Overnight Defense: Senate votes down Paul's bid to repeal war authorizations| Mattis wants to keep all three parts of nuclear triad | Boeing wins Air Force One design contract

Overnight Defense: Senate votes down Paul's bid to repeal war authorizations| Mattis wants to keep all three parts of nuclear triad | Boeing wins Air Force One design contract
© Keren Carrion

THE TOPLINE: The Senate on Wednesday killed an effort by Sen. Rand PaulRandal (Rand) Howard PaulLewandowski: Trump-Putin meeting advances goal of world peace Rand Paul to travel to Russia after downplaying election meddling Implementation of a 'universal basic income' program would be a disaster MORE (R-Ky.) to repeal two war authorizations.

The outcome was expected, but still marks the first time the full Senate has voted on the issue since 2002.

The Hill's Jordain Carney has more:

Senators voted 61-36 Wednesday to table an amendment from the Kentucky Republican to get rid of the 2001 and 2002 authorizations for the use of military force (AUMF).


Paul wanted to attach a six-month sunset of the two war bills to the National Defense Authorization Act (NDAA) that is moving through the Senate. The 2001 AUMF was approved the wake of the Sept. 11 attacks, while the 2002 AUMF authorized the Iraq War.

Paul warned that voting against his resolution was voting to let the president do "whatever he wants."

Read the rest here.


MATTIS BACKS TRIAD: Defense Secretary James MattisJames Norman MattisOvernight Defense: Fears rise over Trump-Putin summit | McCain presses Trump to hold Putin 'accountable' for hacking | Pentagon does damage control after NATO meet Mattis doesn't mention Russia by name at meeting with Balkan officials: report Trump references ‘legitimate media and fake-news media’ at meeting with NATO leader MORE said Wednesday that the U.S. needs to keep all three of its methods of delivering nuclear weapons, acknowledging his views on the nuclear triad have changed.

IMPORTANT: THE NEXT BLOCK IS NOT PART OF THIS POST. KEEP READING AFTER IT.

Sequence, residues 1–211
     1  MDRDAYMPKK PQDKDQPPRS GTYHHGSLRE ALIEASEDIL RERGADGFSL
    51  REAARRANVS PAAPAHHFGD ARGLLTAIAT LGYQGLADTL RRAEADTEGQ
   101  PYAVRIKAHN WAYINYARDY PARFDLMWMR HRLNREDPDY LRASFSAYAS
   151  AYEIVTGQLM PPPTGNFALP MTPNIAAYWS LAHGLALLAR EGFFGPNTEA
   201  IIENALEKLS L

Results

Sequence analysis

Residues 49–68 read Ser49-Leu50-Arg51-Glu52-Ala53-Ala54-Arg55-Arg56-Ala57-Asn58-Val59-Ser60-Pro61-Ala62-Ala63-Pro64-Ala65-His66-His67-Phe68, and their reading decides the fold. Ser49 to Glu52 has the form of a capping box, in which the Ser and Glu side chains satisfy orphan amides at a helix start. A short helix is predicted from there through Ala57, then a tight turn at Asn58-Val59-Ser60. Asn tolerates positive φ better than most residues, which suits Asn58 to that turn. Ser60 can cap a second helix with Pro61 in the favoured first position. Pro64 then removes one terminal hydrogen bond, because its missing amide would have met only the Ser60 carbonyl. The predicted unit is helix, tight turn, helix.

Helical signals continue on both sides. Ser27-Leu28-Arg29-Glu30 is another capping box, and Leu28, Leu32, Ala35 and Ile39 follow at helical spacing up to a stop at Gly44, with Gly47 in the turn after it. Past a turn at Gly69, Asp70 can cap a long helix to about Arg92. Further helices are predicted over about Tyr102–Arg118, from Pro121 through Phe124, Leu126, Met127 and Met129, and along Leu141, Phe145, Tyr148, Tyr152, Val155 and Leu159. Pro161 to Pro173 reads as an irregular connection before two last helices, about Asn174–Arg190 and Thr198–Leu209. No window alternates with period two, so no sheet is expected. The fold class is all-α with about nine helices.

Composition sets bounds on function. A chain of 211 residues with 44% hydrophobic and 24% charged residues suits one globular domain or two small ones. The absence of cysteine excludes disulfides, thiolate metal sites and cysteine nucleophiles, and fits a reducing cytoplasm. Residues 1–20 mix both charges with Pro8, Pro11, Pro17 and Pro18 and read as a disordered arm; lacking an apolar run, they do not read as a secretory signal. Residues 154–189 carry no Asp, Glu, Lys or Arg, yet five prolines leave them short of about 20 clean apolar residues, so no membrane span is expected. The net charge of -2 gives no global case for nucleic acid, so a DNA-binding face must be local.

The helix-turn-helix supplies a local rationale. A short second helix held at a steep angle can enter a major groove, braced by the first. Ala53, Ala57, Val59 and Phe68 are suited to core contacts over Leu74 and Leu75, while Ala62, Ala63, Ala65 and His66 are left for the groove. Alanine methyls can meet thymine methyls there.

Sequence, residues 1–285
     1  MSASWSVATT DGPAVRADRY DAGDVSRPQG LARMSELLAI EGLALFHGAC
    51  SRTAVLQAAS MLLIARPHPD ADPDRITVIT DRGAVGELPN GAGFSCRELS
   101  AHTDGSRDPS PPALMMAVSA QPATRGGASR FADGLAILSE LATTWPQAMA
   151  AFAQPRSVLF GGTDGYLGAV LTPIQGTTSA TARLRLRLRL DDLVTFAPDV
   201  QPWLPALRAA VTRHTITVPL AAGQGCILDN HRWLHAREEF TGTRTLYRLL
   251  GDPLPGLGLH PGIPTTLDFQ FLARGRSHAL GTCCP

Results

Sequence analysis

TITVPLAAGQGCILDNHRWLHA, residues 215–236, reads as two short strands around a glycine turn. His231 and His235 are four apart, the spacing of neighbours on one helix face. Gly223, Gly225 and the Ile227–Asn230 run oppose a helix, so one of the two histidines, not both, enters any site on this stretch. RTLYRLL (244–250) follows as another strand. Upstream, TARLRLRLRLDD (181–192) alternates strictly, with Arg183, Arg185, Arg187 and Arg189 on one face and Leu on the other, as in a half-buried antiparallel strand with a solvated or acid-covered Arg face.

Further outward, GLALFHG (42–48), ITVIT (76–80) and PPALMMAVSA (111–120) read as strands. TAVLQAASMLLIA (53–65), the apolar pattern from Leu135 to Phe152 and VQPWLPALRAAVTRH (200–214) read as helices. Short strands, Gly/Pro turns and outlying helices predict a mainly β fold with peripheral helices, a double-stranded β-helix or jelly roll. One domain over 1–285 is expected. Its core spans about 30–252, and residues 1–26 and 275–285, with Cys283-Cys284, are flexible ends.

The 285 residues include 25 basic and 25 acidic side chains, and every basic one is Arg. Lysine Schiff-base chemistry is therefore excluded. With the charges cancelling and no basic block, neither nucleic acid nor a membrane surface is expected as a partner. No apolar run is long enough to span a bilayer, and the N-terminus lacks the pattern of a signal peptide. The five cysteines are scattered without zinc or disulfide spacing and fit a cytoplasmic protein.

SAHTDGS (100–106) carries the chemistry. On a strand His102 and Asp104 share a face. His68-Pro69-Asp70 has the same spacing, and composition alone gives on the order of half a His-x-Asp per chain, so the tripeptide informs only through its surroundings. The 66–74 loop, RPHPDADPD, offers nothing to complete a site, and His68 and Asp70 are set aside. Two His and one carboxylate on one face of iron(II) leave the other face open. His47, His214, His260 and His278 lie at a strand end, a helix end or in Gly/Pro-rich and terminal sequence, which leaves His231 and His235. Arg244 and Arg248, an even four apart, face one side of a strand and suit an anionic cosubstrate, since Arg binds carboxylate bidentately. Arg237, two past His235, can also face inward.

"I've questioned the triad," Mattis told reporters flying with him to Minot Air Force Base, according to The Associated Press.

"I cannot solve the deterrent problem reducing it from a triad," he added, referring to the delivery of nuclear weapons by land, sea and air. "If I want to send the most compelling message, I have been persuaded that the triad in its framework is the right way to go."

Prior to becoming Defense secretary, Mattis supported eliminating silo-based intercontinental ballistic missiles.

Read more here.


$600M FOR INITIAL AIR FORCE ONE DESIGN CONTRACT: The Air Force has awarded a $600 million contract to Boeing for "preliminary design efforts" on the new Air Force One planes, officials announced Wednesday.

The contract covers the design of electrical power upgrades, a mission communication system, medical facility, executive interior, self-defense system and autonomous ground operations capabilities, according to the Air Force.

Maj. Gen. Duke Richardson, executive officer of the Air Force's presidential airlift recapitalization program, called the contract "the next major step forward toward ensuring an overall affordable program."

Read more here.


HOUSE VOTES TO BLOCK IRAN AIRCRAFT SALES: The House passed two amendments Wednesday that would block aircraft sales to Iran, which were allowed under the 2015 nuclear deal.

The Hill's Cristina Marcos reports:

The House adopted measures on Wednesday to prevent sales of commercial aircraft to Iran, despite warnings from some Democrats that it would undermine the international accord to curtail the country's nuclear weapons program.

Rep. Peter Roskam (R-Ill.) offered two amendments to a 2018 government spending package that would specifically prohibit the use of funds to authorize financial transactions for the sales. It would also prevent the Office of Foreign Assets Control from clearing licenses to allow aircraft sales.

Roskam said the U.S. should refrain from selling the aircraft to Iran given the country's history of using commercial aircraft to transport resources, like weapons and troops, to support President Bashar Assad in Syria.

"Until Iran ceases using commercial aircraft to support terrorists and war criminals, western companies ought not be allowed to sell Iranian airliners more aircraft that they can use to fuel Assad's brutal war," Roskam said during House floor debate.

Read the rest here.



The Senate Foreign Relations Committee will hear from State and Treasury Department officials on U.S. policy options to support democracy in Venezuela at 10 a.m. at the Dirksen Senate Office Building, room 419. http://bit.ly/2gRncmj



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